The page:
New report highlights alcohol industry efforts to reduce advertising and marketing to teens

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Did you know that alcohol companies have voluntary guidelines for where they place ads? 

For example, alcohol companies agree that they will advertise on television programs and websites where at least 70% of the audience is comprised of people 21 and older, based on reliable data.

But do they really keep their promises?

According to the FTC’s fourth study on Alcohol Advertising and Industry Efforts to Reduce Marketing to Underage Audiences, they do! In fact, more than 93% of the ads were placed in compliance with the guidelines, and more than 97% of the consumer alcohol ad exposures were due to ads that complied with the guidelines. The study also looks at where alcohol marketers focus their advertising dollars, product placement in movies and videos, and privacy practices. The study commends the alcohol industry for raising its placement standard from 70% to 71.6%, and makes recommendations for improvement of the voluntary guidelines.

Industry members and communities concerned about teen alcohol use can take advantage of the free We Don’t Serve Teens alcohol education materials available from the FTC. Help us spread the word! Download our free materials in English or in Spanish, and find out what to say to friends and neighbors about serving alcohol to teens. You can also learn about individual state laws, the rates and risks of teen drinking, and tools to help you enlist the support of local organizations and the media to reduce underage drinking.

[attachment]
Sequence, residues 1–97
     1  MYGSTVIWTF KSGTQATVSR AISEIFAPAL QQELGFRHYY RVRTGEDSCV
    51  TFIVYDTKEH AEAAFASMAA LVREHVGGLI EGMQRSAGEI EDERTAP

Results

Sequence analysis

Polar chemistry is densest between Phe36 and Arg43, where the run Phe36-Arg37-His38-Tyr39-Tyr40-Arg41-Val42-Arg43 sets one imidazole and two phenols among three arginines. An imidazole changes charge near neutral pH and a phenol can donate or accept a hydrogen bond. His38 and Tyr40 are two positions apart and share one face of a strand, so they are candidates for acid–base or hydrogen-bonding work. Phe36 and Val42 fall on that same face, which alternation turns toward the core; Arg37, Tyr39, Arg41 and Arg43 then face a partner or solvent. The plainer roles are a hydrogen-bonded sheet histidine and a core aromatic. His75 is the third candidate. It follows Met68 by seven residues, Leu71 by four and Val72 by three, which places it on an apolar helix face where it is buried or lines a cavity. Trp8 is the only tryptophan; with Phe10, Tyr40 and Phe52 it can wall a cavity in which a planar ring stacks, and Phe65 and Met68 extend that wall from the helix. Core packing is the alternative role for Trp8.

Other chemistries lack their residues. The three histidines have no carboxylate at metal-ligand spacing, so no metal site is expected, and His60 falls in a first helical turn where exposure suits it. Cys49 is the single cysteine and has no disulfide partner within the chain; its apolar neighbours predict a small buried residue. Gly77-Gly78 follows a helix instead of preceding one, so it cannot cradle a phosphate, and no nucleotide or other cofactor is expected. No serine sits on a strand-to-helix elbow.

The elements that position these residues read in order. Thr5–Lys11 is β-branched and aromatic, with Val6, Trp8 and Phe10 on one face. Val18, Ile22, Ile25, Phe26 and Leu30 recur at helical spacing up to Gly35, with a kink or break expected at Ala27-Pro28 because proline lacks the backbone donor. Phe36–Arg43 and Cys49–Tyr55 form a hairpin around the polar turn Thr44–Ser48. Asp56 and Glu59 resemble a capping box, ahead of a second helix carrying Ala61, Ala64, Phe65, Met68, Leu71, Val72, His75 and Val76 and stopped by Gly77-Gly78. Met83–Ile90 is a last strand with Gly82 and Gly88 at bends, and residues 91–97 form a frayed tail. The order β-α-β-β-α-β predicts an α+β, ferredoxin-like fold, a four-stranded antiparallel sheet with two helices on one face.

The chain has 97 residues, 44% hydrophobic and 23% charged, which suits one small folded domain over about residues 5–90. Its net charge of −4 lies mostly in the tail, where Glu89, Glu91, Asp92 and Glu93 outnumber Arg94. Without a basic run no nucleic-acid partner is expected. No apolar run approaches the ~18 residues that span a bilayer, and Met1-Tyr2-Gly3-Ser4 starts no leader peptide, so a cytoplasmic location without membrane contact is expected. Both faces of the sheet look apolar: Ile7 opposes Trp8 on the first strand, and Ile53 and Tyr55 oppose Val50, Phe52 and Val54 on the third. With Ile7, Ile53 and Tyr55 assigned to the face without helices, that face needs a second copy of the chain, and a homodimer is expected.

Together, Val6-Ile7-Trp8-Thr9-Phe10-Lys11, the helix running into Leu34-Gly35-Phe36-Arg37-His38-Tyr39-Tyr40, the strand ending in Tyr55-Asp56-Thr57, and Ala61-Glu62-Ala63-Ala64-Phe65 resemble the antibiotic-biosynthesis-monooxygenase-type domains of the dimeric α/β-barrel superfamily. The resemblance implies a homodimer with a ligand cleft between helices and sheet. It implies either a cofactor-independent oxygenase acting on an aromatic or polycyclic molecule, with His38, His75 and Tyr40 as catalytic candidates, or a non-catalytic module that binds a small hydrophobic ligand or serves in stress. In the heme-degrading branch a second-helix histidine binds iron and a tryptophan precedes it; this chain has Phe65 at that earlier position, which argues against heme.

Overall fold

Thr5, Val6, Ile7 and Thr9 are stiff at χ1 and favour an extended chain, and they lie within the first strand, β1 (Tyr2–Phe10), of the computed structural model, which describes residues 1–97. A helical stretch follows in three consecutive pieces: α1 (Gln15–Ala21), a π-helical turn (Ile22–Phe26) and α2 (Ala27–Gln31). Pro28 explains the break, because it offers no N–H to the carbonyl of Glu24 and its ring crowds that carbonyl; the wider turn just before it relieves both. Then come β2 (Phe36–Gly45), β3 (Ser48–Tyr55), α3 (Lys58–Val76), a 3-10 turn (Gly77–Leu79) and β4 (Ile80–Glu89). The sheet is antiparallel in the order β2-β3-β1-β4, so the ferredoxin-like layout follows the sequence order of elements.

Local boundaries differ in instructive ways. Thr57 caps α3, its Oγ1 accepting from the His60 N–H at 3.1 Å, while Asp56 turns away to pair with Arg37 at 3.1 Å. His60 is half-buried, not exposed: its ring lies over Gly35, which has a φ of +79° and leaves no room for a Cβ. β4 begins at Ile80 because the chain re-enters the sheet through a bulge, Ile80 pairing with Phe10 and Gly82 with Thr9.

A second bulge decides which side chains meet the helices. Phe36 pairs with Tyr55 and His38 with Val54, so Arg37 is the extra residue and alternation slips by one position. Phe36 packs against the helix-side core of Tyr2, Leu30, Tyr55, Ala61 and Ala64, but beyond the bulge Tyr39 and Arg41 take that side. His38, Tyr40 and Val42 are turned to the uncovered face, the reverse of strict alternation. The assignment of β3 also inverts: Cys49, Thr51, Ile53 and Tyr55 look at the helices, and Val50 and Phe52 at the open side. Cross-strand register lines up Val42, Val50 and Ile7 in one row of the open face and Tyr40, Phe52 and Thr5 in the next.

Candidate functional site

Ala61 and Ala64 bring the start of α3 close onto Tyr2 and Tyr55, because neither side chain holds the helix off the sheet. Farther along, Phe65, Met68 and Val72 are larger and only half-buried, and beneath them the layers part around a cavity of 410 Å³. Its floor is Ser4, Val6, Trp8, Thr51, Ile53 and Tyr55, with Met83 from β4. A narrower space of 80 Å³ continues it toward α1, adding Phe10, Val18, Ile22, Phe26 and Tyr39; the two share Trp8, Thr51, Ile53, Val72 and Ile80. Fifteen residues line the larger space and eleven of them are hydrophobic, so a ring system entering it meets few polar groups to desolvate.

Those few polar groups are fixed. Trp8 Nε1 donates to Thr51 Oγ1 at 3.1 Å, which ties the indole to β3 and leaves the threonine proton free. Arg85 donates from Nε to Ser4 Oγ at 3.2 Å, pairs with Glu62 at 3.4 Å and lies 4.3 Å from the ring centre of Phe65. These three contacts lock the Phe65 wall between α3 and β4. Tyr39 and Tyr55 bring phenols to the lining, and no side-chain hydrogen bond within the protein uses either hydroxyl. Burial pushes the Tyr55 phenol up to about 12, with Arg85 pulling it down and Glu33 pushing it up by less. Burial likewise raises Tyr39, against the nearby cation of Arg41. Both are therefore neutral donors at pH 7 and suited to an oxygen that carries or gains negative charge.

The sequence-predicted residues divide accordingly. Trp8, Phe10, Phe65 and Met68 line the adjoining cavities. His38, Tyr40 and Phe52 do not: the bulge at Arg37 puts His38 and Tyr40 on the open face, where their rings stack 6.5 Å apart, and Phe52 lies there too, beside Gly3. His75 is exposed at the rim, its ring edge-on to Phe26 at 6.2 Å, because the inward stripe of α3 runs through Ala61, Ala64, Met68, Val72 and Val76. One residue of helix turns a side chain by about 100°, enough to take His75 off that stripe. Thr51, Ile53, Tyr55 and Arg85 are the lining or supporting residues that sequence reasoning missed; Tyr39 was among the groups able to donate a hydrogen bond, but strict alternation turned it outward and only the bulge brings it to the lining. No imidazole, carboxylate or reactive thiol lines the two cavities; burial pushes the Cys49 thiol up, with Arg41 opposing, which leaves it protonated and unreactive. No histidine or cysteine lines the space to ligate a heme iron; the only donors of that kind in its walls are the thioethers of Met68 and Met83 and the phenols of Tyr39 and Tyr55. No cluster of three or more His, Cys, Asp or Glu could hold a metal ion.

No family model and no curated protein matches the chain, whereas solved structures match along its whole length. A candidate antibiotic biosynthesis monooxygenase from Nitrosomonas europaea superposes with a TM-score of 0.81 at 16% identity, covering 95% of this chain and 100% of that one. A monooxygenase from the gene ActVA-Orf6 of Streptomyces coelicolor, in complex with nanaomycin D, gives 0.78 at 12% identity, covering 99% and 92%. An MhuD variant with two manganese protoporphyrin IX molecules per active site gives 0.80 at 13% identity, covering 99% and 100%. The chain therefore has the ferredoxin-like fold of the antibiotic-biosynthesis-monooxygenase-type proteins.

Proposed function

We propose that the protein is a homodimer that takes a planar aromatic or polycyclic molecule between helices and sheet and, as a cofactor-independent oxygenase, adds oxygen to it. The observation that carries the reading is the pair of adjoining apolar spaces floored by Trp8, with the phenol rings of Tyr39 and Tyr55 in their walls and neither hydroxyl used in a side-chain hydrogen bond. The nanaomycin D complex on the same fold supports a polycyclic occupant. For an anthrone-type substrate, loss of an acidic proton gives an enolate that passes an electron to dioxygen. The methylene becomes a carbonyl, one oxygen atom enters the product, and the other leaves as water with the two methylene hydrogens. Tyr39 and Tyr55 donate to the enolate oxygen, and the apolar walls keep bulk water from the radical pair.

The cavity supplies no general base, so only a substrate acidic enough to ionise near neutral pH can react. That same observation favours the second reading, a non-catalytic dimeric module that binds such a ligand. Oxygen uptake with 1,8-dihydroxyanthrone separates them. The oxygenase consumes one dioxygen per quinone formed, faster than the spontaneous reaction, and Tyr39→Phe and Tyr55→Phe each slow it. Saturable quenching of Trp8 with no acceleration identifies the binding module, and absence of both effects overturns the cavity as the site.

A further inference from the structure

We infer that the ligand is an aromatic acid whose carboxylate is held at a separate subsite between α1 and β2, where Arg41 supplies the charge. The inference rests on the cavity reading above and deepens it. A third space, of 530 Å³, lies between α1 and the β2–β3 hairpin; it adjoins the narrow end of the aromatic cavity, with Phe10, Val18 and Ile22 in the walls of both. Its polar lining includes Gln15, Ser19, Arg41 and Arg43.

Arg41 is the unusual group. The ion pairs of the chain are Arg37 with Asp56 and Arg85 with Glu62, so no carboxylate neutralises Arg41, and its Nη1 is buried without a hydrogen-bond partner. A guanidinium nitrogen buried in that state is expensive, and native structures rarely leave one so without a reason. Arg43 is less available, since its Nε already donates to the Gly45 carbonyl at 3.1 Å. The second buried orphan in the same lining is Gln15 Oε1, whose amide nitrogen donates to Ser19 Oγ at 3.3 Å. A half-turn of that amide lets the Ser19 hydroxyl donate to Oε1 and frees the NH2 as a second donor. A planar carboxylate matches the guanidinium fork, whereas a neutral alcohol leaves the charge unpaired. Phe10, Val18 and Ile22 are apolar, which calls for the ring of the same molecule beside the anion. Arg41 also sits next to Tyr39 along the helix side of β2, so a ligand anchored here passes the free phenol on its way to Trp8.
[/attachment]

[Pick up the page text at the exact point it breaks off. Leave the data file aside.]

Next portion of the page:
Tagged with: Alcohol, parents, report, teens
Blog Topics: 
Health & Fitness


So the alcohol industry agrees that it is okay to target underage drinkers in 28.4% of their advertising? I don't think that is acceptable.

Alcohol industry should reduce advertising and marketing to teens, as it is not good. Teens should be away from all these things.


What about online marketing or celebrity endorsements? There are loopholes when alcohol companies use non-traditional promotions like these to target underage consumers.

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